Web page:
Competing memories

Should particular categories of people in society – the Jews, the Armenians, the descendants of African slaves, etc. – be given protected status in certain special circumstances by each being granted the satisfaction of a legal memorial act which they might well have good reasons to demand? Should it be up to political authorities to define historical verities concerning certain traumatic events of the past in order to preserve, through the threat of criminal sanctions, the collective memory? Is there not a risk that in so doing conflicts of memories will be stirred up? These are some of the crucial, and very contemporary, questions tackled by La concurrence mémorielle (Memorial Competitions) (1), a collective work edited by Geoffrey Grandjean and Jérôme Jamin.

RememberIn Paris on December 22, 2011, the National Assembly adopted on its first reading a Bill, sponsored by the Member of Parliament Valérie Boyer (UMP), which aimed at cracking down on the ‘contestation of genocides established by the law.’ The Senate did the same on January 23, but the Constitutional court invalidated the text on february 28, 2012. In France two genocides are now legally recognised: the Shoah – whose denial was already punishable through the Gayssot Act (July 13, 1990), as well as the genocide of the Armenians (Act of January 29, 2001) which led to the deaths of one and a half million people between 1915 and 1917.

Contesting or minimising the latter will thus be also punishable in France: up to one year in prison and 45,000 Euros in fines. This text has already sparked of its share of irate reactions. With, at the forefront, threats of economic reprisals on the part of Turkey and cyber attacks by Turkish hackers against numerous French websites (notably those of the National Assembly, the Senate and the UMP).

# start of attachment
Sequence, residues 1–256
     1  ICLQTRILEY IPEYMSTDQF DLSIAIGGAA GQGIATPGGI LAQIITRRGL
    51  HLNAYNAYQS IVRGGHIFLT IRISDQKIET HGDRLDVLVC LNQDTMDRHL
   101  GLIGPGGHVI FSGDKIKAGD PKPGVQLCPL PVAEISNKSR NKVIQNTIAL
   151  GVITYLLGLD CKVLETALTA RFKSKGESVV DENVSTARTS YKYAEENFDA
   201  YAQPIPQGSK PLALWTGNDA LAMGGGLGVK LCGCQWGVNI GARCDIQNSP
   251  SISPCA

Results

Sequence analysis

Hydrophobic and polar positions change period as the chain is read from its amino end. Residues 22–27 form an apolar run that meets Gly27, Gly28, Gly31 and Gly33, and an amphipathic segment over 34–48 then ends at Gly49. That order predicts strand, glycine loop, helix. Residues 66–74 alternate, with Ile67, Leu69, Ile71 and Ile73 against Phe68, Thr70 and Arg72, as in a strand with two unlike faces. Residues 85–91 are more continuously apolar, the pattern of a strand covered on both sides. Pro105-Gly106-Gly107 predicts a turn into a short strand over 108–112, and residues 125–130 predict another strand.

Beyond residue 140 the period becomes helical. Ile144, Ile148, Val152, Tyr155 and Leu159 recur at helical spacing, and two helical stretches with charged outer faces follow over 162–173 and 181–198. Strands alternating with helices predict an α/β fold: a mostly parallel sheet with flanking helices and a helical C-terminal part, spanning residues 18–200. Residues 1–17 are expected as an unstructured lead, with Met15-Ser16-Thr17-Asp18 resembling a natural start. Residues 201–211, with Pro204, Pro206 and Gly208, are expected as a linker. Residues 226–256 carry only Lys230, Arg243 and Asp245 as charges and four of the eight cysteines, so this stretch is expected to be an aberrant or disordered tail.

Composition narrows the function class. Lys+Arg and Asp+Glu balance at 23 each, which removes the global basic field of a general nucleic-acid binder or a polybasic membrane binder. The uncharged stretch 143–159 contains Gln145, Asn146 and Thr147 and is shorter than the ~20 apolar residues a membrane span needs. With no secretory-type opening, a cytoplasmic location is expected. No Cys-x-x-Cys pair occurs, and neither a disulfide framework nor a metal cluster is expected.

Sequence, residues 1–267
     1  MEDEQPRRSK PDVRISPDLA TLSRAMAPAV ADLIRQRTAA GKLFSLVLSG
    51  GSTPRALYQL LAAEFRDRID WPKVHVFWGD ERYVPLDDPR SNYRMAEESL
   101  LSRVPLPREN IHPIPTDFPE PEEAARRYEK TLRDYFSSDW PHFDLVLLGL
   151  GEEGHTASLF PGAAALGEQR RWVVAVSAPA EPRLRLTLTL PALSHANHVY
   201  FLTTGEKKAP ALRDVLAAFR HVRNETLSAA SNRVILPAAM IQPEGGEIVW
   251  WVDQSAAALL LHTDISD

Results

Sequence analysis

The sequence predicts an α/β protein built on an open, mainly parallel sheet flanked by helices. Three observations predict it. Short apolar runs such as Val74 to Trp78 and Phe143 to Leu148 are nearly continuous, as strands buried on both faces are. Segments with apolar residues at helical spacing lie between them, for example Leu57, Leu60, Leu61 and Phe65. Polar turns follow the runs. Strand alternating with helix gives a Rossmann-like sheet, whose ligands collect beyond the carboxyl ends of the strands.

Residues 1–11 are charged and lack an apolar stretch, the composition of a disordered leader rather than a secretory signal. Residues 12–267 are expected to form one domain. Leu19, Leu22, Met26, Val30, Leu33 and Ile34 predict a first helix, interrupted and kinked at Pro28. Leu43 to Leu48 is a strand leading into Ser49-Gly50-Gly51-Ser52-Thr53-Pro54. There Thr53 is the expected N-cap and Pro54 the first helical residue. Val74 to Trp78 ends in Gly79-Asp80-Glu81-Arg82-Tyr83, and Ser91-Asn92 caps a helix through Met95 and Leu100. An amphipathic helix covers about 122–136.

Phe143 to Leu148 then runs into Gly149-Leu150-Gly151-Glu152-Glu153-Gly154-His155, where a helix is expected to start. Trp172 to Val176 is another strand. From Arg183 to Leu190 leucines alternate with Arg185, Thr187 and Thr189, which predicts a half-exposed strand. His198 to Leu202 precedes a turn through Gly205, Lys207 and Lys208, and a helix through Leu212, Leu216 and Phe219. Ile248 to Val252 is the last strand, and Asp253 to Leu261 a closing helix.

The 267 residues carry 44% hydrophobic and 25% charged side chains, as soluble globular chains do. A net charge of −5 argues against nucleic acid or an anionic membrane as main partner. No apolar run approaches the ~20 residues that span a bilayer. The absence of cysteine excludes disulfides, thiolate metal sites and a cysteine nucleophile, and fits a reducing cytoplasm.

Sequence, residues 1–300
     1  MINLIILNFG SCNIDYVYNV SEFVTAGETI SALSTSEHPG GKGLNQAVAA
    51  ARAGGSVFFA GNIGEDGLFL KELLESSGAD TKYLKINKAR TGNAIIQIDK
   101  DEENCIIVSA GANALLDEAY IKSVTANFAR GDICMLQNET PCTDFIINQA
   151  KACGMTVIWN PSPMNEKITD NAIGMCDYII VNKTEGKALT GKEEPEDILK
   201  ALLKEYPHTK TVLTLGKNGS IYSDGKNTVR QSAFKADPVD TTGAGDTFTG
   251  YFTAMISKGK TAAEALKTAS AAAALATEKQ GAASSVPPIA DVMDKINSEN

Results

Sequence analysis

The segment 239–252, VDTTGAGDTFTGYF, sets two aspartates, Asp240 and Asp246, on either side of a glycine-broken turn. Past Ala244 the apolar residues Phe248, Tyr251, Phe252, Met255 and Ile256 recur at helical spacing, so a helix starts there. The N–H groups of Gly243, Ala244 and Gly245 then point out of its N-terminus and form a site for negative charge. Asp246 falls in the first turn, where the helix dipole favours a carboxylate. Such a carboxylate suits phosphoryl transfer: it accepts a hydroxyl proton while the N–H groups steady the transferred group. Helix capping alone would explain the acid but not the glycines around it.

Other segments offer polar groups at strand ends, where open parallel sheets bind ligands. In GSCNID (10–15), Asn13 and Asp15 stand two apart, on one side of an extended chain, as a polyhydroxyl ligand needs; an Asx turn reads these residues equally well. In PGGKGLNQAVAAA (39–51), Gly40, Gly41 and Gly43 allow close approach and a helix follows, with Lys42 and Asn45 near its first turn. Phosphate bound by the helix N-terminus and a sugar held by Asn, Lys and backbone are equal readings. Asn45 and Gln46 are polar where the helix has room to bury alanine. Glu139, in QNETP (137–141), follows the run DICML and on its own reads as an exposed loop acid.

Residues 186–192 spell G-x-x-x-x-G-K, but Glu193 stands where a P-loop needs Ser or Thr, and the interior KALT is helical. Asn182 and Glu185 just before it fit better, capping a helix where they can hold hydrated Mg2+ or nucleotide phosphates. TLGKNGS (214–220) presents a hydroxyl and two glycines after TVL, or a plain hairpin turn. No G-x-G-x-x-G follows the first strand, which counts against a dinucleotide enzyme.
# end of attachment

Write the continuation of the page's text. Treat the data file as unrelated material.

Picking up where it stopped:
In France the community of people of Armenian origin is estimated to be around 400,000, against a quasi comparable population of Turkish origins. As the two communities – need it be spelled out – do not at all deploy the same collective memory, this has given rise to forms of competition, and even conflict, which have become more and more high pitched.

In voting in this new memorial act, the French elected representatives have in any case set up a ‘dangerous trap’ (2). For if France recognises two genocides, the United Nations recognises a further two: that perpetrated by the Khmer Rouge in Cambodia (between 1975 and 1979), and that of the Tutsis, committed in Rwanda in 1994. If France were to simply recognise these two other massacres it would automatically mean that the Act applies to them. This would open the path to explosive disputes, particularly in the Rwandan case, in which the role of the French state has yet to be clarified.

Belgium has already legislated, let us remember, as far as the genocide of the Jews is concerned. The Act of March 23, 1995, cracks down on any denial, minimisation, justification and approval of it. On the other hand the Bills aiming to punish the negation of the Armenian genocide have not been brought to a conclusion up until now. Only a single resolution has been adopted by the Belgian senators, on March 17, 1998, inviting ‘the Turkish government to acknowledge the genocide perpetrated in 1915 by the last government of the Ottoman Empire.’

Here in Belgium, 150,000 people claim Turkish descent whilst the Armenian community hardly exceeds 10,000 (3). Let us add that in Belgium the right to vote in local elections was granted in 2004 to non-European foreigners, and that controversies over memory are thus no longer exempt from electoral concerns.

The political debate over criminal sanctions concerning denial is far from being closed. It even risks being exacerbated, in France as in Belgium, and all the more so when it bears on events which have not taken place on its territory, as is the case of the Armenian genocide.

(1) Grandjean G., Jamin J. (dir), La concurrence mémorielle, Ed. Armand Collin, Coll. Recherches, 2011
(2) Le Monde, « Lois mémorielles, la folle mécanique », Jérôme Gautheret, January 5, 2012.
(3) Figures cited by the Honorary Senator François Roelants du Vivier, in an open column of the « La Libre Belgique » newspaper, December 30, 2011, Loi pénale et négationnisme: un combat inachevé.

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